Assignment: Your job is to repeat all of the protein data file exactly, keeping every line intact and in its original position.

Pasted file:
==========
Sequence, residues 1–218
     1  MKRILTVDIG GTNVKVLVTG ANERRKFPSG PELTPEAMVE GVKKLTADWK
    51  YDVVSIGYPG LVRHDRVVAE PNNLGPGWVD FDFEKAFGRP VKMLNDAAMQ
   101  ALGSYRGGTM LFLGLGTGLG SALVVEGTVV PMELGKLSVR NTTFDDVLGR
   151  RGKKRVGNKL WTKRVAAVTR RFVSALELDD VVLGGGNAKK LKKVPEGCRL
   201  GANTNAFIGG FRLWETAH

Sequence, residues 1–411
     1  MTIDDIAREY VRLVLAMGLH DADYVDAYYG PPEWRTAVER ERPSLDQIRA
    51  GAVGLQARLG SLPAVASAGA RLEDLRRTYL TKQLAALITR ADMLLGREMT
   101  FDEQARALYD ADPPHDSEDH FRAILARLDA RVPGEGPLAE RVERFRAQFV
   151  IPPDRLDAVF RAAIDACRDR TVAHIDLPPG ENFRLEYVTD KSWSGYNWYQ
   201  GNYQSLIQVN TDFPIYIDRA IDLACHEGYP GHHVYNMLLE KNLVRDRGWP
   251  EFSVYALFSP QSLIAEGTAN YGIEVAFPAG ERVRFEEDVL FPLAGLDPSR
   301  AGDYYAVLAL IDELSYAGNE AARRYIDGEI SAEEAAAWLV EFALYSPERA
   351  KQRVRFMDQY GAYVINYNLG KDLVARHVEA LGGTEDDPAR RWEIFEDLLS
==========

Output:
Sequence, residues 1–218
     1  MKRILTVDIG GTNVKVLVTG ANERRKFPSG PELTPEAMVE GVKKLTADWK
    51  YDVVSIGYPG LVRHDRVVAE PNNLGPGWVD FDFEKAFGRP VKMLNDAAMQ
   101  ALGSYRGGTM LFLGLGTGLG SALVVEGTVV PMELGKLSVR NTTFDDVLGR
   151  RGKKRVGNKL WTKRVAAVTR RFVSALELDD VVLGGGNAKK LKKVPEGCRL
   201  GANTNAFIGG FRLWETAH

Sequence, residues 1–411
     1  MTIDDIAREY VRLVLAMGLH DADYVDAYYG PPEWRTAVER ERPSLDQIRA
    51  GAVGLQARLG SLPAVASAGA RLEDLRRTYL TKQLAALITR ADMLLGREMT
   101  FDEQARALYD ADPPHDSEDH FRAILARLDA RVPGEGPLAE RVERFRAQFV
   151  IPPDRLDAVF RAAIDACRDR TVAHIDLPPG ENFRLEYVTD KSWSGYNWYQ
   201  GNYQSLIQVN TDFPIYIDRA IDLACHEGYP GHHVYNMLLE KNLVRDRGWP
   251  EFSVYALFSP QSLIAEGTAN YGIEVAFPAG ERVRFEEDVL FPLAGLDPSR
   301  AGDYYAVLAL IDELSYAGNE AARRYIDGEI SAEEAAAWLV EFALYSPERA
   351  KQRVRFMDQY GAYVINYNLG KDLVARHVEA LGGTEDDPAR RWEIFEDLLS